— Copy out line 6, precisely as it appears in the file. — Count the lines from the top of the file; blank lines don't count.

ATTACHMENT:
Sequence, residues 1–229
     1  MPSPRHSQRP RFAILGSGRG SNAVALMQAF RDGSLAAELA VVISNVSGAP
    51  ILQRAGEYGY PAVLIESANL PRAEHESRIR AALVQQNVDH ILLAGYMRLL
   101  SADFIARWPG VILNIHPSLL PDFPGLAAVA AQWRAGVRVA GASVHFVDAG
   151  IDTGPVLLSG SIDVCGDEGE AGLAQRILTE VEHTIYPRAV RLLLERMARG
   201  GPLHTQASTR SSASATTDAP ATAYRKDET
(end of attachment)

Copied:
   201  GPLHTQASTR SSASATTDAP ATAYRKDET